- v. present participle of grit.
“Although it is called gritting, grit is not actually involved in the process.”
“I had to visit Cambridge with work for a meeting with some clients - not a bad trip over there from Birmingham, but Cambs City Council don't seem to have cottoned on to the idea of gritting pavements yet ... the place was one big ice rink!”
“Bunches of people who voted for him are now just kind of gritting their teeth and bearing it.”
“After my obligatory teeth-gritting at the "why does the only mode of historical adventure for girls involve them already being flat-chested?" moment, I loved the rest of this book.”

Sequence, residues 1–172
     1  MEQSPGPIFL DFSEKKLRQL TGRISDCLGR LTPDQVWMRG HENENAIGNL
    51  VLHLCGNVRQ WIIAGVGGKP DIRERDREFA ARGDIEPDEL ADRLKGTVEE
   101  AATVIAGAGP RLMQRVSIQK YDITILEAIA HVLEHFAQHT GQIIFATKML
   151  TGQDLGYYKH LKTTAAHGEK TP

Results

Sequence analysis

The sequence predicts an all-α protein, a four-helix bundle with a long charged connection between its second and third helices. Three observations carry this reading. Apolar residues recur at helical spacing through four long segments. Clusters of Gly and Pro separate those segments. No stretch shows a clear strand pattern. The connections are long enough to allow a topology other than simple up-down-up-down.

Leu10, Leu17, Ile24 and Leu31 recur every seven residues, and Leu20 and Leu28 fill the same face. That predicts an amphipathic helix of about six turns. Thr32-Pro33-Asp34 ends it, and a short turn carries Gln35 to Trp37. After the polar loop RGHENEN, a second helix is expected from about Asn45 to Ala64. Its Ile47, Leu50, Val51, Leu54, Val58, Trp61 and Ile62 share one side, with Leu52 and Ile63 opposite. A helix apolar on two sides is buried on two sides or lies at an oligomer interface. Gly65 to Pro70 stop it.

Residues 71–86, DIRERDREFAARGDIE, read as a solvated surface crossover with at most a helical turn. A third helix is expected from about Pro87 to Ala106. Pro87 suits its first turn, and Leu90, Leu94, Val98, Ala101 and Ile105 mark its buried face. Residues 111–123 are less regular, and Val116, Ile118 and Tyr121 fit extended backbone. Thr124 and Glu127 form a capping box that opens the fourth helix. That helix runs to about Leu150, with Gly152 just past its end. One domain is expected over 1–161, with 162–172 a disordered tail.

“Other than gritting our teeth or fighting back hard, is there anything my wife and I can do?”
“Perhaps, as rumoured, in some cases the spur was an expensive divorce or an unwise investment, but on stage, where it counts, no one seemed to be gritting their teeth and thinking of their mortgage.”
“Then there are the near 3 million shopworkers gritting their teeth as Now That's what I Call Xmas plays on in-store PA systems.”
“I caught myself gritting my teeth and yawned wide to stretch my jaw, though it did nothing to release my frustration.”
“The tension—the sense that at any second she could start gritting her teeth and lash out—was gone.”
“Something about the way he said “we” had me gritting my teeth.”
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